Like other expression languages, it can perform mathematical calculations and evaluate logical statements. What makes Arcade particularly unique to other expression and scripting languages is its inclusion of geometry functions. These geometry operations allow you to calculate areas and lengths, test topological relationships, and perform simple overlay operations. Geometry functions introduced in Arcade 1.
The plan was not ridiculously ambitious. This meant automatic indentation and, if possible at all, syntax highlighting.
In this document I describe the story of implementing this, for your education and amusement. A demonstration of the resulting program, along with the source code, can be found at the project website.
Only indentation The very first attempt merely added auto-indentation to a textarea element. It would scan backwards through the content of the area, starting from the cursor, until it had enough information to decide how to indent the current line.
A statement that is continued to the next line is indented one unit more than the line that starts the statement. When dealing with lists of arguments or the content of array and object literals there are two possible models.
If there is any text directly after the opening brace, bracket, or parenthesis, subsequent lines are aligned with this opening character. If the opening character is followed by a newline optionally with whitespace or comments before itthe next line is indented one unit further than the line that started the list.
And, obviously, if a statement follows another statement it is indented the same amount as the one before it. When scanning backwards through code one has to take string values, comments, and regular expressions which are delimited by slashes into account, because braces and semicolons and such are not significant when they appear inside them.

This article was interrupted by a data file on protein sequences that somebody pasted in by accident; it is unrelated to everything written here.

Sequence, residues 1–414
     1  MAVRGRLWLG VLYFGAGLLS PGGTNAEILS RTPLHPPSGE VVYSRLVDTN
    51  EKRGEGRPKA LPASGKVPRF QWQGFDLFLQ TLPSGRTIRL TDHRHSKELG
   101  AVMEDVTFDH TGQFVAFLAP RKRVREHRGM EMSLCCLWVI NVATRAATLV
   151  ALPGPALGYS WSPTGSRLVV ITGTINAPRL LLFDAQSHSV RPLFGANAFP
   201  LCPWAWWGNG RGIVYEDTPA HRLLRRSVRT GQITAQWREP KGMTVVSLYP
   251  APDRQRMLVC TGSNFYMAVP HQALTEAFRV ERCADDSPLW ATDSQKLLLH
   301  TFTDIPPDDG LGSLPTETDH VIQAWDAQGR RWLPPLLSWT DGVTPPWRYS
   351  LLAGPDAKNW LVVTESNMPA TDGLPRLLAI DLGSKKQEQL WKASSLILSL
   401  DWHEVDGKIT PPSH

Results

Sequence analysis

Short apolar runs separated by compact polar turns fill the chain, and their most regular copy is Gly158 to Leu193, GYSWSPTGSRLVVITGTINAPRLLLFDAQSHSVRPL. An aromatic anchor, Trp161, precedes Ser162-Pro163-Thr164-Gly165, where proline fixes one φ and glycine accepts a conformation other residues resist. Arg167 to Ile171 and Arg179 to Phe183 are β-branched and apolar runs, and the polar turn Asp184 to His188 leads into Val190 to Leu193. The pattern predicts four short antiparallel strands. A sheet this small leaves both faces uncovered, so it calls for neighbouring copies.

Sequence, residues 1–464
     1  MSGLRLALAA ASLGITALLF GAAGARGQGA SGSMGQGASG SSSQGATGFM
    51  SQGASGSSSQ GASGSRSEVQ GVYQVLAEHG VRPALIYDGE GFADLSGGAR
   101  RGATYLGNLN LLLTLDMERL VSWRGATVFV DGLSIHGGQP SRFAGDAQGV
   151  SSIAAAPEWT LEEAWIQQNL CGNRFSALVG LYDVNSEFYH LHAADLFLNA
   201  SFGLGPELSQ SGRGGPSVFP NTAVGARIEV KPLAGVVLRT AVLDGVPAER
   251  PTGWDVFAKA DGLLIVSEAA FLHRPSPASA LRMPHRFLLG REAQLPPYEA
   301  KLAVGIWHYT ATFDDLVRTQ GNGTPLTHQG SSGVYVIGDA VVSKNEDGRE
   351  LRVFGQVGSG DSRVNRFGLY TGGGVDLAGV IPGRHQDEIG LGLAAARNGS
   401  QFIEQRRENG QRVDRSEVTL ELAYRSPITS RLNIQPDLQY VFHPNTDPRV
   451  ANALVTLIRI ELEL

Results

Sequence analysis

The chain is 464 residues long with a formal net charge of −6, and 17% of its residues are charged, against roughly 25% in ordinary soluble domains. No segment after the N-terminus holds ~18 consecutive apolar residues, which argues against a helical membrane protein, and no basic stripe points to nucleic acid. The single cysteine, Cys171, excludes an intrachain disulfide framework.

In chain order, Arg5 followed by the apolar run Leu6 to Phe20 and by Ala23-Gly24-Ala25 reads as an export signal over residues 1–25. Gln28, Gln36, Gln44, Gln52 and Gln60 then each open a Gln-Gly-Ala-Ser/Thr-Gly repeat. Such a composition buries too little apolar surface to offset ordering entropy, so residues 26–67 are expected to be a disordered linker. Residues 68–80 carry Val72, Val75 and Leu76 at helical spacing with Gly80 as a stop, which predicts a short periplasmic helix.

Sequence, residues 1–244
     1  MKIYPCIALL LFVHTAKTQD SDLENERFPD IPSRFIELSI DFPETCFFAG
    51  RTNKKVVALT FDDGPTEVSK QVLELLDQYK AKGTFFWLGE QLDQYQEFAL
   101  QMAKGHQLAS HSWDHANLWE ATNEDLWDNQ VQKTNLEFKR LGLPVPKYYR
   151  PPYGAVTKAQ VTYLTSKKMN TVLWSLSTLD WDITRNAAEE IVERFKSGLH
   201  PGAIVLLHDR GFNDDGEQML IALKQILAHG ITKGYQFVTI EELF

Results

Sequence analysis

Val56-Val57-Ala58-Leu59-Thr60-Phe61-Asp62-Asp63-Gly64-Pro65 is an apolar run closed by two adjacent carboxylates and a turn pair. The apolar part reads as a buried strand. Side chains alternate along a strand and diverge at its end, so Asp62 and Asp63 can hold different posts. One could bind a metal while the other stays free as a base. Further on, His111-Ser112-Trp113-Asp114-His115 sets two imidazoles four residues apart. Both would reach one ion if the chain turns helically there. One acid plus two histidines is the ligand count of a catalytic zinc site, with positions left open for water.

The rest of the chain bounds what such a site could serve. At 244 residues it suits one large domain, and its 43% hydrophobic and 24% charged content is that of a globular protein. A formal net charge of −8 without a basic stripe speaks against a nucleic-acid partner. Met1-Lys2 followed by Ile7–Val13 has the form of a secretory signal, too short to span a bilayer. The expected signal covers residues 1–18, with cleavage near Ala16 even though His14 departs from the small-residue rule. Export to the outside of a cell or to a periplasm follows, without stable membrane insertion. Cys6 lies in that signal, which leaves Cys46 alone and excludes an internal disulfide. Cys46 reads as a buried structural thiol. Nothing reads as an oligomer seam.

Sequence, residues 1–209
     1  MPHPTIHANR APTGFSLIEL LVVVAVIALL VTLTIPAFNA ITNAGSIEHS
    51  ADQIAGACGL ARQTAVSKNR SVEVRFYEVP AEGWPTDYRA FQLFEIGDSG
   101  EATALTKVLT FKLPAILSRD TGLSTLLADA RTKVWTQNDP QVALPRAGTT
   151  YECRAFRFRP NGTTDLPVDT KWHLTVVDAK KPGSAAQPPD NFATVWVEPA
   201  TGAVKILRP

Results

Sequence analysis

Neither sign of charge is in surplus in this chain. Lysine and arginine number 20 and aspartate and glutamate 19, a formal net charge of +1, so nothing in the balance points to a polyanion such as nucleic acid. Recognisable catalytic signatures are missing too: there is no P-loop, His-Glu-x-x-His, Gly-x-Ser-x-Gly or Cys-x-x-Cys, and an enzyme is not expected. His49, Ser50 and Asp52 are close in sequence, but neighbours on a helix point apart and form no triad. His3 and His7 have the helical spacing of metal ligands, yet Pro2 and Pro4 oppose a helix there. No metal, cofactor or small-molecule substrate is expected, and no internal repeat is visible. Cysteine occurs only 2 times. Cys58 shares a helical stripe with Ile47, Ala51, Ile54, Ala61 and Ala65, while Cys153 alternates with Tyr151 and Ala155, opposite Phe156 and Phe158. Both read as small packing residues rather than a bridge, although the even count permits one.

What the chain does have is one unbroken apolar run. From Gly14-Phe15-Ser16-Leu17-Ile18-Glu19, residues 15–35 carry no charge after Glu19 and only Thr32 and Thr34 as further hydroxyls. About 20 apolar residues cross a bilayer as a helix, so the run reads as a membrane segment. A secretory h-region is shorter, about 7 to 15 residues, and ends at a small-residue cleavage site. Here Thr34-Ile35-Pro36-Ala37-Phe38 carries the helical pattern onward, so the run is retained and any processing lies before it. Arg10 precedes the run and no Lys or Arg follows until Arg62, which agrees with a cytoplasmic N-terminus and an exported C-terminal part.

Even though I was working with just a simple textarea at this point, this was already a bit of a headache. On W3C-standards-respecting browsers, textarea nodes have selectionStart and selectionEnd properties which nicely give you the amount of characters before the start and end of the selection.
Then, there is Internet Explorer. Internet Explorer also has an API for looking at and manipulating selections. It gives you information such as a detailed map of the space the selected lines take up on the screen, in pixels, and of course the text inside the selection.
It does, however, not give you much of a clue on where the selection is located in the document. After some experimentation I managed to work out an elaborate method for getting something similar to the selectionStart and selectionEnd values in other browsers.
It worked like this: Get the TextRange object corresponding to the selection. Record the length of the text inside it. Make another TextRange that covers the whole textarea element. Set the start of the first TextRange to the start of the second one.
Again get the length of the text in the first object. Now selectionEnd is the second length, and selectionStart is the second minus the first one. That seemed to work, but when resetting the selection after modifying the content of the textarea I ran into another interesting feature of these TextRanges: Of course, you can count newlines and compensate for this though it is still not possible to position the cursor right in front of a newline.In software engineering, a fluent interface (as first coined by Eric Evans and Martin Fowler) is a method for designing object oriented APIs based extensively on method chaining with the goal of making the readability of the source code close to that of ordinary written prose, essentially creating a domain-specific language within the interface.
An . The new fetch API uses promises and a new syntax for making AJAX requests. fetch is much cleaner than XMLHttpRequest. A set of key/value pairs that configure the Ajax request. All settings are optional. A default can be set for any option with $.ajaxSetup().See pfmlures.com(settings) below for a complete list of all settings.
In this course, you’ll learn what documentation is and why it’s an important part of the development process. You'll learn how to build a well-structured README that you’ll be able to incorporate into your projects moving forward.